Thursday, April 16, 2015

Keeping It New

One of the challenges I face in teaching carries some risk.  That's the challenge of keeping the content refreshed, and bringing the same level of excitement each time I teach the course.  I first taught each of my operational risk courses as "special topics," and have been teaching them as permanent electives for a couple of years now.  Each of the courses lends itself to updates in the reading material, especially based on recent or current events.

But for the students the challenge is in learning how to have a conversation about certain types of risk, how to make an individual assessment and then provide recommendations for a course of action.  We use a couple of different kinds of skills in class:  discussion among peers, facilitated discussions, presentation by example (myself, themselves, and our guest speakers); and writing for an executive audience.

Along the way, we've had to deal with what it means to be present and contributing in class as a seminar member.  I ask that students listen respectfully, with their laptops turned off, to the presentations.  There are so many challenges for their attention, or for my own, that many of us who teach have reverted to showing them studies of how much more effective it is to take notes by hand rather than on the computer -- assuming that what you were doing was taking notes rather than (for example) checking Facebook or Twitter.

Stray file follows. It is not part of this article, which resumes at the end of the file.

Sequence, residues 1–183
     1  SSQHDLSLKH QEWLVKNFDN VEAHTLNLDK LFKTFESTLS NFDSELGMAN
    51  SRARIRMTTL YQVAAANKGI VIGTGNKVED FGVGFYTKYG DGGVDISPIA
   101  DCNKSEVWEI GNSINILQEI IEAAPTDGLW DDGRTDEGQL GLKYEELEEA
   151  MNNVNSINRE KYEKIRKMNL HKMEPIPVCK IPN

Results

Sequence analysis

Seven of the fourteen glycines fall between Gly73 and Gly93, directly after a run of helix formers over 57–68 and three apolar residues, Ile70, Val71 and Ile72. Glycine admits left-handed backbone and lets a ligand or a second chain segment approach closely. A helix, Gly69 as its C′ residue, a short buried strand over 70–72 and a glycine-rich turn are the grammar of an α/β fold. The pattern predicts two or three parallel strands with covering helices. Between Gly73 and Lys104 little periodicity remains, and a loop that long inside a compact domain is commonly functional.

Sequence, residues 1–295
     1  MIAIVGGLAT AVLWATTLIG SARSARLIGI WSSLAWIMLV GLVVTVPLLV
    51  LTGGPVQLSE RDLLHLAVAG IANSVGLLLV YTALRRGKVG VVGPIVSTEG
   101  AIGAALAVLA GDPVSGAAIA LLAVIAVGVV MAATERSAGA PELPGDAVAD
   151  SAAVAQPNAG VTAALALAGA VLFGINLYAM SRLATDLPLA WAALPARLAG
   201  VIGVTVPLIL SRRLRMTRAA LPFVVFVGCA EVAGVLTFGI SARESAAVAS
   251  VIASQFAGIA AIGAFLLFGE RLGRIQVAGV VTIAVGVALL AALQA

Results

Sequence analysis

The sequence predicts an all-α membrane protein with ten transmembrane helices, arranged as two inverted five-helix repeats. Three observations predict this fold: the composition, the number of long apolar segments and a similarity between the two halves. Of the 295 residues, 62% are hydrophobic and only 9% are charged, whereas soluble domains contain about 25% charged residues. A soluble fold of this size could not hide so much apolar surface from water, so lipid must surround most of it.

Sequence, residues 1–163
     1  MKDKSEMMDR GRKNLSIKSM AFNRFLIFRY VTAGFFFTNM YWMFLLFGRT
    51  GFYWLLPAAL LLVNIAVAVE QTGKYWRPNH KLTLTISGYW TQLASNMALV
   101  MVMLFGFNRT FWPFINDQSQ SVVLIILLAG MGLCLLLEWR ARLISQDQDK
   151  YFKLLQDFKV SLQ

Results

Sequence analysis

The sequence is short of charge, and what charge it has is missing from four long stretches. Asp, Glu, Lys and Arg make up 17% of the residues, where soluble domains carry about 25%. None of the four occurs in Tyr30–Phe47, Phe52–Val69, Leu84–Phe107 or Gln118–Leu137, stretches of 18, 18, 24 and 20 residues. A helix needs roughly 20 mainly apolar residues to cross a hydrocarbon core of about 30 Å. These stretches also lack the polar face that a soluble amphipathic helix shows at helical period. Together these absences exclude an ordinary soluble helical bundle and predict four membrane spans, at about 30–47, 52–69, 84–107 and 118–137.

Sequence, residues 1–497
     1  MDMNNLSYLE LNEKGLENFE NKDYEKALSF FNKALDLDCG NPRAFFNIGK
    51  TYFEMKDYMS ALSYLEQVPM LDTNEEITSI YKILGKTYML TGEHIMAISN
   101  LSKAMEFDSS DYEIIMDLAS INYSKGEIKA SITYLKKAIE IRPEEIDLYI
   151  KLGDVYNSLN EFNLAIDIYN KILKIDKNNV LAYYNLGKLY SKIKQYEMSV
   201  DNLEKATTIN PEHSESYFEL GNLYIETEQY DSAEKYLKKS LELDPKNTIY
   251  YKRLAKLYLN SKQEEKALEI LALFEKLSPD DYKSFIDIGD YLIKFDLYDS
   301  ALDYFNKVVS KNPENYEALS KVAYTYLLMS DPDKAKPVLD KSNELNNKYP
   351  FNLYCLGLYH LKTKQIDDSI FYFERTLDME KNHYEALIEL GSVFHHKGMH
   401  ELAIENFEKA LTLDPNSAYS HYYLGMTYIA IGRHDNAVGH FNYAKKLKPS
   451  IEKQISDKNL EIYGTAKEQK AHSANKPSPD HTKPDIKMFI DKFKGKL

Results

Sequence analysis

There is so much pressure on students to do well that I think it's also important to stop and smell the roses along the way when you can.  Today we're discussing a variety of articles,  including several that purport to explain behavior, of both rogues and executives.  What happens to the calm, rational process of decision making when you are under pressure?  Do you take bigger risks or do you take the most cautious approach?  I think you'd be surprised at what some of the studies say.


Monday, April 6, 2015

Is it possible to manage our privacy?

 I apologize for the long interval between my last post and this one.

Those who've read Advice From A Risk Detective already have a good sense of what I advise in terms of your online privacy.  But here's a short piece I wrote for a Seattle magazine, The Connector,  that hits the high points.

Thursday, February 5, 2015

We are the architects of our city -- creating the City of Seattle's Disaster Recovery Plan

Last week, students in my risk seminar heard from UW seismologist Bill Steele, in particular about the Cascadia subduction zone we live in, including what advance planning and management of risks associated with a major earthquake can be done in advance.

This week, students will hear from Erika Lund, who oversees the City of Seattle's Disaster Recovery Plan, which is an entirely different framework from which to view a disaster.  Among the questions asked of  the Executive Advisory Group, to which Mayor Ed Murray appointed me, were:  how will the Seattle community handle short and long term recovery efforts?  How can we return our economy, education system, social service network, and other vital aspects of our community to full function?  How can we use a disaster as an opportunity to rebuild our community better than it was before? Who is responsible for making such decisions and with whose input? How and when will they be made?